Your Home Kitchen Garden’s sister blog, Your Small Kitchen Garden is giving away food! Food? OK, it’s giving away seeds from which you can grow food. The promotion started a few days ago and runs until February 13, 2011.
Neck pumpkin, Pennsylvania Dutch Crook Necked Squash, Long-necked squash… get them all through the Small Kitchen Garden giveaway. Actually, these are all names for the same squash. Plants are very resistant to Squash Vine Borer and they produce fruits that resemble butternut squash only generally much larger. In fact, I’ve seen neck pumpkins that weighed more than 20 pounds!
Neck pumpkins are common in central Pennsylvania, but I’ve never seen them in other states. When you buy a neck pumpkin at a Pennsylvania farmers’ market or a farm stand, there’s a pretty good chance the farmer will ask, “Making pie?”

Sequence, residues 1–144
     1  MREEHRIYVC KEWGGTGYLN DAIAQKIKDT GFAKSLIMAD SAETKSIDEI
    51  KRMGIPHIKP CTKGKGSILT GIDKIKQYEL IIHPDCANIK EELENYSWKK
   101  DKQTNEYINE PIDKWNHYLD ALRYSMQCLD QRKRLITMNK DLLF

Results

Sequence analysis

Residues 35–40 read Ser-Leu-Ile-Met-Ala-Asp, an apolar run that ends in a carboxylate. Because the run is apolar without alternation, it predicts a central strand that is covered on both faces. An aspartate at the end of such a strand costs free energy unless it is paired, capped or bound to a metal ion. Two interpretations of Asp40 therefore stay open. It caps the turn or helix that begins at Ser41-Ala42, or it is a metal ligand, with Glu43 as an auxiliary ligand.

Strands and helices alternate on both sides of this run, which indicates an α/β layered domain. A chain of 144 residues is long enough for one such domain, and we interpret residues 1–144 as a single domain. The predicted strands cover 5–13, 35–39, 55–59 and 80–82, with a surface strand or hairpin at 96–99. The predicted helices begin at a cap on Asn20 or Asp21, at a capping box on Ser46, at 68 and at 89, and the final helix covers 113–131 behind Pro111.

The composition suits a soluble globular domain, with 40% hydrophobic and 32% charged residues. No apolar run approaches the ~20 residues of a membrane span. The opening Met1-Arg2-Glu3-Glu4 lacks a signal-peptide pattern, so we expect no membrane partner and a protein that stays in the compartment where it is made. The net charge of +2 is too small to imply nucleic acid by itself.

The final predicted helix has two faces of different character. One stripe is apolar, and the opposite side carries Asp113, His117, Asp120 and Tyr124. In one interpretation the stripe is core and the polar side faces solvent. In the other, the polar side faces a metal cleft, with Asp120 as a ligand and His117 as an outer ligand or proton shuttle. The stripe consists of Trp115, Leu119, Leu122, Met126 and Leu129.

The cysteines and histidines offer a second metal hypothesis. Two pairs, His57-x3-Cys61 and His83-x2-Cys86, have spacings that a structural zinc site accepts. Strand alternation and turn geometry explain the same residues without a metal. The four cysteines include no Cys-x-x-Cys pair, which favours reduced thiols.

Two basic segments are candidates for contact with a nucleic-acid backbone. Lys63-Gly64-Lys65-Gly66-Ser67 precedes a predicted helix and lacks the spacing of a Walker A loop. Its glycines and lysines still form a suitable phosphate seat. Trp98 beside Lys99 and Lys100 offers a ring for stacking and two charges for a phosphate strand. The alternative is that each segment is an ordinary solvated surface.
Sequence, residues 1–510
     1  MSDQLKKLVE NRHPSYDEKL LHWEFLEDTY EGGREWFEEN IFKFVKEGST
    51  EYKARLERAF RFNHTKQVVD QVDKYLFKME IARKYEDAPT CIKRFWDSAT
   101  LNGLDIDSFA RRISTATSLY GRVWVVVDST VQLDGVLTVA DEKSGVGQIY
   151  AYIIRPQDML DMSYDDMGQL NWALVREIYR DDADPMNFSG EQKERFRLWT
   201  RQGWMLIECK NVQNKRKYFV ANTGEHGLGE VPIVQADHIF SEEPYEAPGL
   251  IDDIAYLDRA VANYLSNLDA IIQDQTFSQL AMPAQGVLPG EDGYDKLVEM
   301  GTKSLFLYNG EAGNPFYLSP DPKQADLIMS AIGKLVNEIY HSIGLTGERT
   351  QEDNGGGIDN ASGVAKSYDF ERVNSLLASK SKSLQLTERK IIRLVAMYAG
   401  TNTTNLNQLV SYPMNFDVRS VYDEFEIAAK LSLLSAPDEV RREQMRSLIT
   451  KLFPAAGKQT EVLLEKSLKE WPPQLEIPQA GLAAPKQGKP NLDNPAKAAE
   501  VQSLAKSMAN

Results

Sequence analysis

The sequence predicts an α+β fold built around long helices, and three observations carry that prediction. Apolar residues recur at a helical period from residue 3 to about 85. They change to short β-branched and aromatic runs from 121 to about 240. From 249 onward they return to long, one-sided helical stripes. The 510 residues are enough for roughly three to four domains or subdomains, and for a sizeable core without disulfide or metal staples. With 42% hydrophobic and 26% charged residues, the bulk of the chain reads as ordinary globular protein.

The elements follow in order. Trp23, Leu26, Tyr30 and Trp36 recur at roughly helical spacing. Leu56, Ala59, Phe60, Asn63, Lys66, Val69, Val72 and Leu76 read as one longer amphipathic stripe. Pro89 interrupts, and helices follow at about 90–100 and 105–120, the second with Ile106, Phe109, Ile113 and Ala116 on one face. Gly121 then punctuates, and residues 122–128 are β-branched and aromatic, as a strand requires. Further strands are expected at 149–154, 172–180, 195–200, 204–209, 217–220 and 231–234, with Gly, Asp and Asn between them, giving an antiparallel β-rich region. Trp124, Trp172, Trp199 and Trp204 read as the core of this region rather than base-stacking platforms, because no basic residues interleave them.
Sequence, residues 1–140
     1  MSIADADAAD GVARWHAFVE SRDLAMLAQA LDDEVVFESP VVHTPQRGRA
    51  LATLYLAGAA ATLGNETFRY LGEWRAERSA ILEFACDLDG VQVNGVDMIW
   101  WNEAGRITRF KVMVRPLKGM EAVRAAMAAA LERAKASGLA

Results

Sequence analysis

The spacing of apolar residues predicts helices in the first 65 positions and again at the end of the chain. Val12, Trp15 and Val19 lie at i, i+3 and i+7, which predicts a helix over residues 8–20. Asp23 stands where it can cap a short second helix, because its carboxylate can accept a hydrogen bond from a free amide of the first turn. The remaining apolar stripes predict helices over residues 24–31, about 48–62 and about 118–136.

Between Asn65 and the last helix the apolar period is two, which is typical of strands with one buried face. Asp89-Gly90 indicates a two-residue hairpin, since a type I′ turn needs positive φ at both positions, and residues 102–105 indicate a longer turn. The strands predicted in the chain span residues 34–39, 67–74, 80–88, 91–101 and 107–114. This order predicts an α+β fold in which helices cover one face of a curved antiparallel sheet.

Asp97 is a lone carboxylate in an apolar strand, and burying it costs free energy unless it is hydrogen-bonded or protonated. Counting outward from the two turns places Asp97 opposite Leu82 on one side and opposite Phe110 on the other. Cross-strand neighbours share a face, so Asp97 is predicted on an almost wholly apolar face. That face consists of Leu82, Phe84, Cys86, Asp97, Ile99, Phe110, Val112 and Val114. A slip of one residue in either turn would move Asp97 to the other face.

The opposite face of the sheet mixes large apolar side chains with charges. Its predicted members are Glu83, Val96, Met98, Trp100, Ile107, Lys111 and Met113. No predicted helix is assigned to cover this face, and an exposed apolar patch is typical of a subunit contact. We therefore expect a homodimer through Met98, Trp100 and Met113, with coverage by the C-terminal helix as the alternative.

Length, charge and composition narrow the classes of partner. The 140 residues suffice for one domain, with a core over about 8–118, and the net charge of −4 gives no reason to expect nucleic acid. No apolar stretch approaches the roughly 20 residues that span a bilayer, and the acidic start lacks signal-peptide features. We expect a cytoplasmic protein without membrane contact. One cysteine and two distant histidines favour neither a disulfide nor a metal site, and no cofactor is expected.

I’ve used neck pumpkin in pies, and I’ve also served it in all the ways I serve butternut squash. Butternut squash is a tad smoother and it has a richer flavor, but neck pumpkin tastes just fine.
My neck pumpkins grew to about 12 pounds this year, but the seeds I planted came from a 20 pound behemoth. The giveaway includes enough seeds from one of my neck pumpkins for you to plant at least one hill of squash.
Also in this year’s giveaway are seeds from my crop of Andes paste tomatoes. I don’t know for sure that my tomatoes are of the Andes variety, but they match descriptions I’ve read and they look identical to photos of Andes. I started with seeds from some tomatoes a neighbor gave me, and the seeds I’m giving away came from my second year’s harvest.
I love these tomatoes. They are indeterminate and have performed extremely well in my garden… and they taste terrific.
The blue Hubbard squash is among the most beautiful of squashes. It’s exotic, and you might even feel that a whole fruit is ugly. However, the meat of a blue Hubbard runs from blue/green toward the skin, to yellow toward the center of the fruit. It’s gorgeous.
The meat is also delicious, having a squashier flavor than butternut; I like blue Hubbard for my pumpkin pies and other baked goods, but it would be terrific mashed, grilled, or baked.